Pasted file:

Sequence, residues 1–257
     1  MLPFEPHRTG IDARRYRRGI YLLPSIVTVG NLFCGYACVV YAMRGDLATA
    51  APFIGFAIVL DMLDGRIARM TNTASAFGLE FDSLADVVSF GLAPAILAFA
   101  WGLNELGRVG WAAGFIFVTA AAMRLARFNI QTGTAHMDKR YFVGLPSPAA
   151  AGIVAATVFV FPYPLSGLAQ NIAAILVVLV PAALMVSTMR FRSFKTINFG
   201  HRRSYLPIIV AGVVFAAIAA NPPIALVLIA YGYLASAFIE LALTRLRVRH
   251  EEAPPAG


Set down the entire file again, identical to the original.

Sequence, residues 1–257
     1  MLPFEPHRTG IDARRYRRGI YLLPSIVTVG NLFCGYACVV YAMRGDLATA
    51  APFIGFAIVL DMLDGRIARM TNTASAFGLE FDSLADVVSF GLAPAILAFA
   101  WGLNELGRVG WAAGFIFVTA AAMRLARFNI QTGTAHMDKR YFVGLPSPAA
   151  AGIVAATVFV FPYPLSGLAQ NIAAILVVLV PAALMVSTMR FRSFKTINFG
   201  HRRSYLPIIV AGVVFAAIAA NPPIALVLIA YGYLASAFIE LALTRLRVRH
   251  EEAPPAG